Written by Chris Ryall and Steve Niles
Art by Anthony Diecidue and Val Mayerik
Colors by Jay Fotos
Published by IDW
Release Date: 02/25/2015
Solicit: “Inherit the Earth!,” part 2! Even on a dead, nuked Earth, the zombies remain. But how? And both the dead and some of the bots seem to have gained sentience? But why? Also: new humans join the fight? But who? Some answers and more questions are presented here! And in “The Orphan,” part 2, a new friendship is threatened by, of course, hordes of zombies and one very disturbed robot.
-This comic is broken into 3 separate stories:
1. “Inherit the Earth” written by Chris Ryall, art by Anthony Diecidue
2. “Tales of ZvR” story and art by Ashley Wood
3. “The Orphan” written by Steve Niles and art by Val Mayerik
- The Zombies vs Robots series is about a nuclear catastrophe that turns the earth into a radioactive disaster zone. The remaining human population has to contend with zombies and sentient robots.
“Inherit the Earth” writer Chris Ryall, creates an amusing cast of characters in the recently cryo-thawed crew of the International Space Station.
-The story starts with a “bang” when the crew is forced into an unpopular decision by a melodramatic circumstance. The banter among the disgruntled crew members is mostly lighthearted and jocular despite their desperate situation.
- Diecidue follows Ryall’s lead with sketchy and lively artwork. The crew members are caricatures of their positions and the art lends itself to the cartoonish vibe. I love the contrast of thick, dramatic line work and scribbly silhouettes mixed with splatter and texture brushes. I really enjoyed the graphic touches like the enlarged dot patterns and chunky block work. The art certainly created the feeling of dynamic chaos.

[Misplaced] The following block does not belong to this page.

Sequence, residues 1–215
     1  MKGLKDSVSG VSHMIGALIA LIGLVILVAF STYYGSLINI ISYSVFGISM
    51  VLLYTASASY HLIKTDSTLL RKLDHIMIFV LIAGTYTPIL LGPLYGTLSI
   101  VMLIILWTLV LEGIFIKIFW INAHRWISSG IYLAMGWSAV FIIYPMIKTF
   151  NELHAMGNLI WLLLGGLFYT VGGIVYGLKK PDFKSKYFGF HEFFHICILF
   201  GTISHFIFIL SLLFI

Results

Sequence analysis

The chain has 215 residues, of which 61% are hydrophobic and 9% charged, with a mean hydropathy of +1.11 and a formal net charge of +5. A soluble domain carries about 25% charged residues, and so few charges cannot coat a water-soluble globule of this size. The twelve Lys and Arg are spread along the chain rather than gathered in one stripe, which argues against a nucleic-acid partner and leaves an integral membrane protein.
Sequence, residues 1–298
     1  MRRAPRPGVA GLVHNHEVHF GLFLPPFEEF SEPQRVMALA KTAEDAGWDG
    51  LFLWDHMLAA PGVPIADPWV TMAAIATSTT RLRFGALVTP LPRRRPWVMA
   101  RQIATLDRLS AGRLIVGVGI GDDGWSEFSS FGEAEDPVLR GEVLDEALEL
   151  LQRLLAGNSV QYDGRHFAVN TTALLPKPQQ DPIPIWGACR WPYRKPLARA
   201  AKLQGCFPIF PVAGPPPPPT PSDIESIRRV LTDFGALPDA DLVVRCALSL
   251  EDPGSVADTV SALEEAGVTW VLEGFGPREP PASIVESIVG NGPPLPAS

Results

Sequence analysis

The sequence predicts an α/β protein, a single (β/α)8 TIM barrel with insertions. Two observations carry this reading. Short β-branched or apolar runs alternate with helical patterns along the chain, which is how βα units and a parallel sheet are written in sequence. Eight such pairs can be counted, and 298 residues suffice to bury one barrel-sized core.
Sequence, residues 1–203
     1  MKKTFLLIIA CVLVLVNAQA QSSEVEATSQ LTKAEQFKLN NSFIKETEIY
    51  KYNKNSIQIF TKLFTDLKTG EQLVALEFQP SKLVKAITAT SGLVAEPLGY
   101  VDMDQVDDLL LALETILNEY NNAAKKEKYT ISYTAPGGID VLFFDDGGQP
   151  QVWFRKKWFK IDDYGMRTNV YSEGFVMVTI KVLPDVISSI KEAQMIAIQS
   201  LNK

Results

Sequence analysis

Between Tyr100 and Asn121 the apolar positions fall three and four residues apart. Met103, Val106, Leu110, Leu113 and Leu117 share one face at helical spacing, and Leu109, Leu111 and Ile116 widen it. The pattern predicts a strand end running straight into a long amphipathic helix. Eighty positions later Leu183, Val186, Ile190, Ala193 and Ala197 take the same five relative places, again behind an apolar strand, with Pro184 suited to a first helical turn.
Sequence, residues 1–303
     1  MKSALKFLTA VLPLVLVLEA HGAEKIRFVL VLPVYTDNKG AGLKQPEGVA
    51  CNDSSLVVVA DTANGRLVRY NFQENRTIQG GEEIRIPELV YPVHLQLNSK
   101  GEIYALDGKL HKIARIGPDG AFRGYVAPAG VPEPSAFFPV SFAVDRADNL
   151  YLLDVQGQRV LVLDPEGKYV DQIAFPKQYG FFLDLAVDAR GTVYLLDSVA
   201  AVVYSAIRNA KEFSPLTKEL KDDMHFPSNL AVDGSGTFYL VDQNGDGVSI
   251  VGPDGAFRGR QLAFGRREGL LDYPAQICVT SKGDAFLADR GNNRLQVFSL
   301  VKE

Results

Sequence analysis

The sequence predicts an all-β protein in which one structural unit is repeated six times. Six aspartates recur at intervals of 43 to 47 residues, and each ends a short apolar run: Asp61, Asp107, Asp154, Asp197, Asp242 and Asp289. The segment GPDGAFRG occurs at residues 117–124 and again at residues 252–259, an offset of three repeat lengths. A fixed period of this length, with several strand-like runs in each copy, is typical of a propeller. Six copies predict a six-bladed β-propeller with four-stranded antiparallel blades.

- Ashley Wood’s, “Tales of ZVR” is only two pages long but the gritty and painterly atmosphere make those two pages a delight to behold. The characters are so wonderfully drawn that I felt an instant connection.
- Wood’s drawing style is very distinctive and has an immediate and punchy feel. There is one panel where he created a dark background of forest then erased the character into it – creating a reverse silhouette that is simplistic and compelling. With only a few panels he made incredibly memorable works of art.
- I love the use of words to describe sensation and you just know there’s going to be trouble.
- Steve Niles, “The Orphan”, is the story that gives you the most to think on. It focuses on the reactions of one particular child living in this dystopian landscape and demonstrates the odd disassociation that can occur when death is around every corner.
- Mayerik’s juxtaposition of the detailed line work on the child and the hard black lines of the robot make for dramatic imagery.
- I have been wracking my brain to find a con for this issue, but honestly I loved this comic.
- This comic is fascinating, with multiple stories woven through a nuclear wasteland. I congratulate the writers and artists on creating a dark and frightening world that can be explored from different perspectives.